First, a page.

Indigenous women and breast cancer

Sandra C Thompson
Med J Aust 2009; 190 (10): 602. || doi: 10.5694/j.1326-5377.2009.tb02580.x
Published online: 18 May 2009
My story. Aboriginal and Torres Strait Islander women sharing their experiences of breast cancer. A resource for health workers.
Val Alberts, Project Coordinator. Sydney: National Breast and Ovarian Cancer Centre, 2008 (DVD and booklet).

Cancer has not been a high priority on the Indigenous health agenda in Australia, despite being a major cause of death. Disparities in cancer mortality between Indigenous Australians and other Australians are not the result of a higher incidence of cancer among Indigenous people overall, but exist for reasons such as lower participation in screening; delayed presentation with symptoms; and poorer uptake of treatment. There have been few resources specifically for Indigenous people with cancer, so this 14-minute DVD, My story. Aboriginal and Torres Strait Islander women sharing their experiences of breast cancer, is a welcome contribution.

Six Indigenous women talk about how they came to be diagnosed with breast cancer and their subsequent journeys through treatment. The stories are engaging and rich in important health messages — Indigenous people do get cancer; Indigenous women should participate in mammography screening; don’t ignore symptoms; early diagnosis is important for cure; involving family members helps them know what you’re going through; one cancer doesn’t mean you won’t get another; it’s normal to be scared; breast prostheses help you feel and look better. To reinforce the importance of early diagnosis, the women point to their own survival — they wouldn’t be alive to tell their story unless treated early. The presentation also touches on issues of family history. Several scenarios mention the role that men can play in helping women with breast cancer — encouraging them to seek health care for symptoms, attending medical appointments to provide support, and helping children and other family members to understand.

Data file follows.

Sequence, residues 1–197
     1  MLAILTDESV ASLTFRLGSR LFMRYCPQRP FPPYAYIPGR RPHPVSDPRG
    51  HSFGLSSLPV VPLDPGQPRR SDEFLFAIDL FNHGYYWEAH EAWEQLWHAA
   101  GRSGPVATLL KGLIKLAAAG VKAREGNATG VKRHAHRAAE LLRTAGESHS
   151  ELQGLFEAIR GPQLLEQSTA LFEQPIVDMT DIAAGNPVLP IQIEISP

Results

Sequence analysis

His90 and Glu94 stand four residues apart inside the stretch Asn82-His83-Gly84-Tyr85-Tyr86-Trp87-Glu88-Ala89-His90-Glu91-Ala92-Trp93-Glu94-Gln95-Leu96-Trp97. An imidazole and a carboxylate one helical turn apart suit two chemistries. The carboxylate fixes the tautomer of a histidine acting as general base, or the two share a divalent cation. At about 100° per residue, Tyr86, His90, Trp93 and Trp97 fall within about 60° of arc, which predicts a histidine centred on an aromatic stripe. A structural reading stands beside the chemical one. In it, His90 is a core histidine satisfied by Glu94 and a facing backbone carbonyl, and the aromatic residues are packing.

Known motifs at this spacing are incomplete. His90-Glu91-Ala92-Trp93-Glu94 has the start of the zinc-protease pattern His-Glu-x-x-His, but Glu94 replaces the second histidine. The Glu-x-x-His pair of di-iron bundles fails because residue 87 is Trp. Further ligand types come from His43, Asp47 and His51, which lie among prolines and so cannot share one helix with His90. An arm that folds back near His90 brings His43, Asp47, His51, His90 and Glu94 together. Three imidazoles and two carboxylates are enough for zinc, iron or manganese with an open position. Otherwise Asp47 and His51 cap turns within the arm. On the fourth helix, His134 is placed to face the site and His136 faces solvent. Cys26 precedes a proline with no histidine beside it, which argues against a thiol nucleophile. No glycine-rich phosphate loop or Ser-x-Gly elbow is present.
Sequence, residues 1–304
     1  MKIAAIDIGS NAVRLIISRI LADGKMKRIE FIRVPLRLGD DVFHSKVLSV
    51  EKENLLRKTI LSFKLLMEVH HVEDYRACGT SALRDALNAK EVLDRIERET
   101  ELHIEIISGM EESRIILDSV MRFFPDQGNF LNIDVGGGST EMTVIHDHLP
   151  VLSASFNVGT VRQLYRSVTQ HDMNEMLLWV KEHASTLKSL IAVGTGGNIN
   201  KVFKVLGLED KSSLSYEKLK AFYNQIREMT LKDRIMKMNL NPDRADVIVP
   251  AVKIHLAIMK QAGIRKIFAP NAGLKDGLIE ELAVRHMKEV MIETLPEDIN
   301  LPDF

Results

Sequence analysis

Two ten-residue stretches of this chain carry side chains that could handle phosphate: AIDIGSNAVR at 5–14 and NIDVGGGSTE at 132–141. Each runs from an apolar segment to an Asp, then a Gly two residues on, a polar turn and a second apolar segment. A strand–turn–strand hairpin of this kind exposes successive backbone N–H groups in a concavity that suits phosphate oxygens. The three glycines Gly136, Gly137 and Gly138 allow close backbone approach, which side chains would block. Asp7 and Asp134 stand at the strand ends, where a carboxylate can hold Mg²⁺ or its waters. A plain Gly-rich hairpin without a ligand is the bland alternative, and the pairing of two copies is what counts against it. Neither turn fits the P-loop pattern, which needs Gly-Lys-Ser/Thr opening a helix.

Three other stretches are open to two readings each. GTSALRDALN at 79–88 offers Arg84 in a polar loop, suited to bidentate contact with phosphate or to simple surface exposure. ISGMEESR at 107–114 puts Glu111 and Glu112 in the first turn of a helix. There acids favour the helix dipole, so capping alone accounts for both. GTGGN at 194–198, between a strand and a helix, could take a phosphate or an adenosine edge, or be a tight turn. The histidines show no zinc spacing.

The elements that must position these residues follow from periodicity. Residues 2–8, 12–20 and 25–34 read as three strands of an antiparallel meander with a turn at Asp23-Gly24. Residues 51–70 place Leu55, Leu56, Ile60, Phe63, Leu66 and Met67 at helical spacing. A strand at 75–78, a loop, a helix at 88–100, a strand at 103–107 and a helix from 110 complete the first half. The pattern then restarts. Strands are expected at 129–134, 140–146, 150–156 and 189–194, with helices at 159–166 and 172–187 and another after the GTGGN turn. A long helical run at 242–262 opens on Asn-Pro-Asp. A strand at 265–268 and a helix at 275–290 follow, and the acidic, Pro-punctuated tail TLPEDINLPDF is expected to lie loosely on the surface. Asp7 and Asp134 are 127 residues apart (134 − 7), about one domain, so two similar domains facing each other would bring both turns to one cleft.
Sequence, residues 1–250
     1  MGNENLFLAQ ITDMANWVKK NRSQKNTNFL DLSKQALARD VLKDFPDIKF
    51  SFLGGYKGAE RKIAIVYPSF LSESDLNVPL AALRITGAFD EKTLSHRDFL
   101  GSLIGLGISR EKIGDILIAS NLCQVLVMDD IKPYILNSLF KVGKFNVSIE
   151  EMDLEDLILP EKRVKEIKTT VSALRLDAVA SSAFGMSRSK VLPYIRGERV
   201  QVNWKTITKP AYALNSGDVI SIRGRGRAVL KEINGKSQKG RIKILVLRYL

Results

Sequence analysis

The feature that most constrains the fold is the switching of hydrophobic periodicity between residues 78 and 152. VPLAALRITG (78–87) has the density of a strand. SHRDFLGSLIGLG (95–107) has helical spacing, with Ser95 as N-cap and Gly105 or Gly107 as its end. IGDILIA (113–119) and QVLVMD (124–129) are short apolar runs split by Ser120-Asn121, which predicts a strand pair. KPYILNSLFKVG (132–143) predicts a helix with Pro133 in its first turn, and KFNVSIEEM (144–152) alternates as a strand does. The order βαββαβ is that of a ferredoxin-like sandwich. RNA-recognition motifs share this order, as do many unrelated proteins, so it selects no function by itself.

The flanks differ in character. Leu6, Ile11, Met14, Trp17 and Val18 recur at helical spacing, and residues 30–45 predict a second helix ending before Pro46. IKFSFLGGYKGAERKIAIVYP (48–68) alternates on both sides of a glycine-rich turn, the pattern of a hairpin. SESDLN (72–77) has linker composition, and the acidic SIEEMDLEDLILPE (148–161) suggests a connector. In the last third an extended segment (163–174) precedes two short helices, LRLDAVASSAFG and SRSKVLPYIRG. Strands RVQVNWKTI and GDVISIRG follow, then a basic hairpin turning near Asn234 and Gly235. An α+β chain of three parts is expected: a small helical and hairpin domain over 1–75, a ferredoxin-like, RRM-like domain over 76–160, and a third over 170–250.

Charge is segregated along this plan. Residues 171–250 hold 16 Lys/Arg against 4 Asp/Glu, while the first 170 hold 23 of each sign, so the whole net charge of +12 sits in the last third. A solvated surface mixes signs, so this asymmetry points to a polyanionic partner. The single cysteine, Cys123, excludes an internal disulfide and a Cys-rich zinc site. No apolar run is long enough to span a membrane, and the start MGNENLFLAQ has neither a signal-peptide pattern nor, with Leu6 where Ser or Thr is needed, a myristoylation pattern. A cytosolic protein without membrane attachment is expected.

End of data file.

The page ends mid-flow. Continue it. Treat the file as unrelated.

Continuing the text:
Produced by James Cook University, the DVD has a Far North Queensland feel, with scenes of palm trees and beaches. It has an authenticity and positivity that contribute to it being a valuable health promotion and educational resource for Indigenous people. At the same time, its messages are universal, and the DVD will have broad appeal, especially among the nation’s many breast cancer support groups. An accompanying booklet means people are not reliant on having a DVD player to acquaint, or re-acquaint, themselves with the stories of the women.

Here’s hoping for more such endeavours to cover a wider range of cancers, and to convey cancer messages and education for Indigenous men.

  • Sandra C Thompson

  • Centre for International Health, Curtin University of Technology, Perth, WA



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